Connecting to the Ubuntu VM is done through the ‘ssh’ command:

  vagrant ssh

This logs you into the virtual machine and gives you console access to it. The connection to your VM requires your host machine to have SSH installed, which is the case on all Unix-like machines. On Windows you’ll have to use a Unix-emulation layer like Cygwin or use a GUI SSH client like PuTTY . Vagrant provides you with detailed instructions when it can’t find a suitable SSH command on your system.

During VM startup, Vagrant has automatically created a ‘/vagrant’ directory in the VM that is linked to the working directory that you created above. Any files that you change in the working directory will become automatically available to the VM and vice-versa. This way, you can use your favorite tools and editors on your host machine and benefit from the software on the VM at the same time (for instance, using Apache Httpd with PHP as a server).

As an example, type this while you’re connected to your VM over SSH:

  echo "vagrant rocks" > /vagrant/shared.txt

Now return back to your host’s terminal by typing ‘exit’, or by pressing ctrl+d on a blank line:


You can now see the contents of the file you created in the VM:

On a Unix terminal:

  cat shared.txt

On a Windows command prompt:

  type shared.txt

Clean Up and Reproduce Yourself

You’re free to wreck as much havoc as you want on your virtual machine, it’s totally isolated from your host. When you’re done, all evidence can be eradicated with one simple command:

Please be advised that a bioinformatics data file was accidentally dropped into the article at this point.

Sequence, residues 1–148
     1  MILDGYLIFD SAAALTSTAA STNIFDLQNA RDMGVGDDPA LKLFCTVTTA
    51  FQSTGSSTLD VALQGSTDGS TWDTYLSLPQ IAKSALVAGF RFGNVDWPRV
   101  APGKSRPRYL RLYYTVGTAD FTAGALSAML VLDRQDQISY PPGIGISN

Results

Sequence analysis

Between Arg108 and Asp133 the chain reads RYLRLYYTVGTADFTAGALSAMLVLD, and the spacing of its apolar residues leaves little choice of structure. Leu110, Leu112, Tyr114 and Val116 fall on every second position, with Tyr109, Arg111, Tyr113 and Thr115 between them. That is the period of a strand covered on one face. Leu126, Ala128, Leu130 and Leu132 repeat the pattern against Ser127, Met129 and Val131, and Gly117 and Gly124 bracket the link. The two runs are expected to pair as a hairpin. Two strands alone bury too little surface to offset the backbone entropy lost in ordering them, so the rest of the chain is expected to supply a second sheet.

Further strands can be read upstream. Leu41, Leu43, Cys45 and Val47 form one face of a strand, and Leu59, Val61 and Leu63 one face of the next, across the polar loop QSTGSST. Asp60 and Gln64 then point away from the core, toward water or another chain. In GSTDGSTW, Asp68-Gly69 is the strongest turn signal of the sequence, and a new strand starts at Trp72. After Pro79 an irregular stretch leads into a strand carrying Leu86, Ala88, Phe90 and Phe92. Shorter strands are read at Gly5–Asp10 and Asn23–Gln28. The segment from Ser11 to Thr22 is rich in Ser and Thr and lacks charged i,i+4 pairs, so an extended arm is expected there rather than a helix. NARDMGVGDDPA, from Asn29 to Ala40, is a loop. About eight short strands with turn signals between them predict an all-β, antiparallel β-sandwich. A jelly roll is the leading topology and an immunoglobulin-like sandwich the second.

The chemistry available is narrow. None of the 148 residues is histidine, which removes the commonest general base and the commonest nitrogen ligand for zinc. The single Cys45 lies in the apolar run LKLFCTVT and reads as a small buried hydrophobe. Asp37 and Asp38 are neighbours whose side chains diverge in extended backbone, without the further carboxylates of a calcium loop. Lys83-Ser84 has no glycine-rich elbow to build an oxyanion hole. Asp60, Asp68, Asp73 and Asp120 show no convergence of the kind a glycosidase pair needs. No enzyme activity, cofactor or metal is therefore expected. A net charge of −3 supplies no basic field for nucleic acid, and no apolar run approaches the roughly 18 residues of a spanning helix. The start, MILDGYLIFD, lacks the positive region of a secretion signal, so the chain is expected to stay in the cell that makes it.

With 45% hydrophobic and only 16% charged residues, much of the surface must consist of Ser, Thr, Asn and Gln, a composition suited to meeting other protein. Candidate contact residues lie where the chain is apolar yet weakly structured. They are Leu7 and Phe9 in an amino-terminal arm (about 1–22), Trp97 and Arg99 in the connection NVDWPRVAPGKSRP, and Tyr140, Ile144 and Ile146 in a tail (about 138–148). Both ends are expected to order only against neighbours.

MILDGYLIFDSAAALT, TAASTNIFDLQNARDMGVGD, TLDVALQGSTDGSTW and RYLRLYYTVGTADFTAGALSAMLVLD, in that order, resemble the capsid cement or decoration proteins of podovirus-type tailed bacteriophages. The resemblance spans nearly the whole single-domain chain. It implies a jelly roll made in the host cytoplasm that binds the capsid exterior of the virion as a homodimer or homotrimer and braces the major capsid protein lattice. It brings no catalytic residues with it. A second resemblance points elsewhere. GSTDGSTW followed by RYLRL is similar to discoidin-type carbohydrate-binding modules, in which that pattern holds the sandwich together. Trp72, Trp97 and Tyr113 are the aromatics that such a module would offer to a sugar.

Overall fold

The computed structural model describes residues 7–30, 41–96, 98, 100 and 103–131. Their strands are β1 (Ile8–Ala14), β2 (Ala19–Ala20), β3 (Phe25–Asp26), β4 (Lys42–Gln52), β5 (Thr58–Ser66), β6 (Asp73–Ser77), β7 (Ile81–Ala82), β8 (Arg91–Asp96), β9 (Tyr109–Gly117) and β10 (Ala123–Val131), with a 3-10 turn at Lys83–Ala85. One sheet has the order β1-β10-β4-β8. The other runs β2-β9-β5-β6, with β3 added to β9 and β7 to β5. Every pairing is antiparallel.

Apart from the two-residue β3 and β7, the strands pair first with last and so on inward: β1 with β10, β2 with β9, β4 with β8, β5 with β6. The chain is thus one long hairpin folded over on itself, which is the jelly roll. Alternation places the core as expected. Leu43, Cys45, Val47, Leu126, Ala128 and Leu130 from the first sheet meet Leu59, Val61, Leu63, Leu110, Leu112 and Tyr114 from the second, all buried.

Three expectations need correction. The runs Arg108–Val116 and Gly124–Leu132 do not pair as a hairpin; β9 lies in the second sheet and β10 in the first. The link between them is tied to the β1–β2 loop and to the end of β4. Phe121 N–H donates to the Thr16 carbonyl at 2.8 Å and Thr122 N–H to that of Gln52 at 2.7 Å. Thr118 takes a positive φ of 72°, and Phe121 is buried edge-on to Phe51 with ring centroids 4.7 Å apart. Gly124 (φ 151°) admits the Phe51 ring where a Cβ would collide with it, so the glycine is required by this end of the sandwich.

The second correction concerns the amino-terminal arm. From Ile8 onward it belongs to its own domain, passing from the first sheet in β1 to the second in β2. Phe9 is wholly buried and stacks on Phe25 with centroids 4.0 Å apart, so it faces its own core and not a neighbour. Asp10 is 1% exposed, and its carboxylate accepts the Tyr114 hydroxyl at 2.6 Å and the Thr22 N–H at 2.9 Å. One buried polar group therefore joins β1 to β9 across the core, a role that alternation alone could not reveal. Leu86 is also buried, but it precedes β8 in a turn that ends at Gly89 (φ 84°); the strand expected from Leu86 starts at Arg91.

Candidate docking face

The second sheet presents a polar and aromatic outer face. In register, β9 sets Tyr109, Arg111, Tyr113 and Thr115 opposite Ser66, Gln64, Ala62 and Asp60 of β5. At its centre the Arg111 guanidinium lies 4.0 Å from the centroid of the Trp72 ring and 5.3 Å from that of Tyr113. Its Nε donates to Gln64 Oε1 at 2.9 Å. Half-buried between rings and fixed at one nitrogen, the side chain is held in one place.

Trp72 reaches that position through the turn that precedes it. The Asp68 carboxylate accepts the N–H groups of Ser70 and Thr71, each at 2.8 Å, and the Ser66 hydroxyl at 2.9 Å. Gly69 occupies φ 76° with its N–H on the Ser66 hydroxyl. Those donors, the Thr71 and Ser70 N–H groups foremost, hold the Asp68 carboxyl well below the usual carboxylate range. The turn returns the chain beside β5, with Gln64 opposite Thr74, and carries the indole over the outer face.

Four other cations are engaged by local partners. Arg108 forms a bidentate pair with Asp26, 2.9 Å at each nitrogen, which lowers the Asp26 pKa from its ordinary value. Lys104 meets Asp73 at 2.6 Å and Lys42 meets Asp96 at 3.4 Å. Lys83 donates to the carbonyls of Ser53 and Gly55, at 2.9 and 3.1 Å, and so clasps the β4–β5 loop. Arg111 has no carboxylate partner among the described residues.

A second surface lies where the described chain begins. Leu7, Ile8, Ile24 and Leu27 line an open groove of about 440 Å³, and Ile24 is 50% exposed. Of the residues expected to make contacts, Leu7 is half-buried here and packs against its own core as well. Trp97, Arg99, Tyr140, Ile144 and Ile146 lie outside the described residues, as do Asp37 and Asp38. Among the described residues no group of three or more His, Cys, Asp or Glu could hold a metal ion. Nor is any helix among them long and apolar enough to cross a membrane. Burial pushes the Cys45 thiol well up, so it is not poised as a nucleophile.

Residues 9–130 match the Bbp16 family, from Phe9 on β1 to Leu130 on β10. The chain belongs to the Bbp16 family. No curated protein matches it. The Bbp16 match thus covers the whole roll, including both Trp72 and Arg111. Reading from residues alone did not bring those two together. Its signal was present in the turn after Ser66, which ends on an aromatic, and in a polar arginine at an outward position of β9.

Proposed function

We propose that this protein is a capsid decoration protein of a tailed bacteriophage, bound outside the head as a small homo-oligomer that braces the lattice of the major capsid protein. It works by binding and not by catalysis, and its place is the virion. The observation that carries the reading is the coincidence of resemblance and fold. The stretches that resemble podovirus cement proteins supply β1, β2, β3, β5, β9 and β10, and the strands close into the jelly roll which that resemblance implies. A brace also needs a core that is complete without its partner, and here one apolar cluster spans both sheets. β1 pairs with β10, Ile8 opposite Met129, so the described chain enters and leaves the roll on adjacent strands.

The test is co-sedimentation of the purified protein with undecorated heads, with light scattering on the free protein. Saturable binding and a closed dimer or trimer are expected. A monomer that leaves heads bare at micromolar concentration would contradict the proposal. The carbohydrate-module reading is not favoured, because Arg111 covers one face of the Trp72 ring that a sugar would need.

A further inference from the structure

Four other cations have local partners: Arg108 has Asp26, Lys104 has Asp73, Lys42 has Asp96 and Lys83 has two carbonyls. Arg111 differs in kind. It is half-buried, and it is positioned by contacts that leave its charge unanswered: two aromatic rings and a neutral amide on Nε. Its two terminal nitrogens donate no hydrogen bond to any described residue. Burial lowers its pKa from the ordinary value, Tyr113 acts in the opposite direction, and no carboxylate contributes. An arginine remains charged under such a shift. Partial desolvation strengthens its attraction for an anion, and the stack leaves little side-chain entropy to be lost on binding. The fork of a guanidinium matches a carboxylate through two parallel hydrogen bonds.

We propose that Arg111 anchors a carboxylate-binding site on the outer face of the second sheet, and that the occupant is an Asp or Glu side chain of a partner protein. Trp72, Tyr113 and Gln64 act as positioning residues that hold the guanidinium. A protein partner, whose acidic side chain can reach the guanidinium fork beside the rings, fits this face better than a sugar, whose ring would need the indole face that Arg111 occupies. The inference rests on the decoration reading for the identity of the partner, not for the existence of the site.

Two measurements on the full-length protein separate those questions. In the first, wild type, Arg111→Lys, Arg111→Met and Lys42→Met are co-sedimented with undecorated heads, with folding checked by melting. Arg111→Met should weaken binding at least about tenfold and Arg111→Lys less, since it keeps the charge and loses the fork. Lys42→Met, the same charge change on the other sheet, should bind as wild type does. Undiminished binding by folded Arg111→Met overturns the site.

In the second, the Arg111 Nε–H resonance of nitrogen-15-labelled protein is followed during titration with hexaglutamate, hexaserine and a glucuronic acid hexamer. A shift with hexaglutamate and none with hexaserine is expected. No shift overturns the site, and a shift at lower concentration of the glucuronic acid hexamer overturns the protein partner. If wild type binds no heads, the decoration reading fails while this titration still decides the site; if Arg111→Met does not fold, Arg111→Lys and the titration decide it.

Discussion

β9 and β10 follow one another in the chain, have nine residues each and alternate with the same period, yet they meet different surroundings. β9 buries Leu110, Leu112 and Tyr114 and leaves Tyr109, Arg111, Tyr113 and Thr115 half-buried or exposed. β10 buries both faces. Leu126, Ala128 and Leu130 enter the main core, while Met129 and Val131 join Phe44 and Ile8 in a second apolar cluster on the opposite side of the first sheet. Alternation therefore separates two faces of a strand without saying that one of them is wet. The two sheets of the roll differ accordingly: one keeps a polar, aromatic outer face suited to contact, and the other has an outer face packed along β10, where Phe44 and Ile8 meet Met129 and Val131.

vagrant destroy

There will be no trace left on your host!

As a bonus, before cleaning up, try this out:

  vagrant package

Can you guess what it does? Right! It neatly shuts down your VM and packages it with all your changes into a new box file. This can be used as a base for other virtual machines, all you have to do is to make Vagrant aware of its existence:

  vagrant box add my-env

Now you can create a new machine from that box, using the same ‘init’ command from before:

 vagrant init my-env

Next up: Bootstrapping Chef & Your First Fully Automated Environment

You’ve seen how easy it is to bring virtual environments up and down with Vagrant. You can even create your own boxes and share them with colleagues. For more advanced use cases and practical examples of file sharing and port forwarding, stay tuned for our upcoming Pragmatic DevOps report from RebelLabs.

The next article in this series will help you get up and running with using Chef for provisioning. This means that the process of installing software on the VMs and configuring it, will also be completely automated. It really allows you to use one command to go from a blank slate to a full-blown all-cannons-blasting super-powered giant robot world-domination machine. After that, we’ll show you how to set up what could be your first fully-automated environment, and put you on the road to DevOps glory!

As always, I would enjoy seeing your comments below. To connect on a more personal level, join us on Google+, or tweet something @Rebel_Labs or @gbevin.


  • Mahesh

    Thanks for such a clear and crisp article. I really had no success in understanding Vagrant before. Now I am confident.
    – Mahesh

  • Alain

    Nice article Geert – thanks ;-)

  • Just wanted to say thanks for this series! I’m a noob running through Getting Started With Django and had no idea what any of this stuff actually did. This series of articles has been incredibly helpful in understanding why Vagrant/Chef are useful, so thank you!